Despite its significant human capital and vast resource potential, Zimbabwe’s economic development will remain dire due to a challenging operating environment, according to global research firm Fitch Solutions in its latest country risk report.
Zimbabwe has for long struggled with both internal and external risk factors, which have prevented it from reaching its economic potential given its resource base.
“Zimbabwe has significant human capital and vast resource potential, which could drive economic development”, according to Fitch Solutions.
Unfortunately, these resources are counting for nothing as they depend on fiscal and monetary policy normalisation, which has eluded the economy for long.
Despite efforts put in place by treasury and the central bank, the country’s fiscal and monetary policies are still in their infancy and volatile to give comfort to investors, both local and foreign.
While both treasury and monetary authorities have gone, at length, to bring stability and certainty to fiscal and monetary policies, they continue to come short of expectations of economic players.
One of treasury’s key decision has been to limit spending on what has been budgeted for but acts of nature and own policy missteps have resulted in spending that is outside of budget.
With no progress on clearing long standing external arrears, Government face a difficult balance of pursuing tight monetary, to reduce very high inflation, and fiscal policies to address the macroeconomic imbalances and build confidence in the currency, while averting a crisis.
Inflation reached 676 percent in March 2020 while the exchange rate has been on a free fall on the parallel market.
Pressures are also still mounting to increase spending on wages and for social protection to mitigate the impact of the weather shocks and high inflation.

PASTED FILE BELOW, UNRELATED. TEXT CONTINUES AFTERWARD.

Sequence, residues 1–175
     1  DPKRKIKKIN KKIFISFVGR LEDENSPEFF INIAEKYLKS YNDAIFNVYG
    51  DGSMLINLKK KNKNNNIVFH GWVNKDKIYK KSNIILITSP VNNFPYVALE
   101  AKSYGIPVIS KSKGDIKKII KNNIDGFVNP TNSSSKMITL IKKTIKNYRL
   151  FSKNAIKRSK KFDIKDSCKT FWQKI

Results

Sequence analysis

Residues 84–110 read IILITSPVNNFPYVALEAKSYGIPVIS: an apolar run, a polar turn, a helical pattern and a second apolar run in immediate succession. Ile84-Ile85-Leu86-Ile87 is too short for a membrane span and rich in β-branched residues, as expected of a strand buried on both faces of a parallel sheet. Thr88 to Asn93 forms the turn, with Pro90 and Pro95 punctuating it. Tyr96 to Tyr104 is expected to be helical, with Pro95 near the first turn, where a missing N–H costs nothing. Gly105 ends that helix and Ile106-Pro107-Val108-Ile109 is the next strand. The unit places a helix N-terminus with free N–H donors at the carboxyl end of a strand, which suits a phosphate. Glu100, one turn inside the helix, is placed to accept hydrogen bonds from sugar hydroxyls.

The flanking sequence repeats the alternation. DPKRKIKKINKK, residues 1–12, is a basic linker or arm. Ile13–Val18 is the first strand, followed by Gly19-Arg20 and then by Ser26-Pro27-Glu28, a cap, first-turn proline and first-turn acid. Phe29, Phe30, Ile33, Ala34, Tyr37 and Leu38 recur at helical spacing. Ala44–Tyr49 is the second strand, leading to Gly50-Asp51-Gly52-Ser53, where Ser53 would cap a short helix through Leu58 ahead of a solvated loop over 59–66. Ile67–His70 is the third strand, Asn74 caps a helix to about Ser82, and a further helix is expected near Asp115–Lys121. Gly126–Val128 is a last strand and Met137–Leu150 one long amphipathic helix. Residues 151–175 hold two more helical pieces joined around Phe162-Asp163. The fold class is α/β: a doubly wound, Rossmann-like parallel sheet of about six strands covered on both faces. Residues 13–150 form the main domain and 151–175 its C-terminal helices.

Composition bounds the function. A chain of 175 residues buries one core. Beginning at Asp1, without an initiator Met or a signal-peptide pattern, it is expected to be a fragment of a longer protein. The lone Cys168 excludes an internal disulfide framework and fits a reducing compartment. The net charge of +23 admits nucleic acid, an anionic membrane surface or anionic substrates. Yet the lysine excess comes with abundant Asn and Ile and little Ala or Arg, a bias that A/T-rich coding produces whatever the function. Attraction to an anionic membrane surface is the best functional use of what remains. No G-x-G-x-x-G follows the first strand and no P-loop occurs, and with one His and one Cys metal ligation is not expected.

While the 2020 budget includes a significant increase in social spending, it is likely insufficient to meet the pressing needs.
Nature has also conspired to worsen Zimbabwe’s plight with consecutive droughts living the country needing to import tonnes of food, maize in particular, to feed millions of food insecure households.
Fitch expects these challenges to continue “over the short-to-medium term as the country is vulnerable to factors such as adverse weather conditions, commodity price shocks, still-low industrial productivity and foreign currency shortages.”
The research firm argued that, these risks Zimbabwe face “are compounded by internal factors such as high reliance on primary sector exports, high import demand, endemic corruption, weak property rights protection, high borrowing costs and a yawning infrastructure deficit.”
In addition, according to Fitch, businesses operating in the country will face rolling electricity outages and sporadic fuel shortages, necessitating the use of alternative power sources at an added cost.
“These factors combined with volatile foreign currency availability, high input costs and rigid labour market regulations significantly lowers the country’s competitiveness relative to its Southern African neighbours, such as Namibia, Botswana and, to a greater extent, South Africa,” Fitch said.
The research firm however pointed out that improved governance and transparency, increased investment openness, and meaningful re-engagement with multilateral lenders and the international community, could boost economic development “in the years ahead.”
“Zimbabwe has significant human capital and vast resource potential which could drive economic development, contingent on fiscal and monetary policy normalisation.
“The latter is intrinsically tied to improved governance and transparency, increased investment openness, and meaningful re-engagement with multilateral lenders and the international community in the years ahead.”
Fitch Solutions is an industry-leading provider of credit, debt market, and macro intelligence solutions, and the primary distributor of Fitch Ratings content.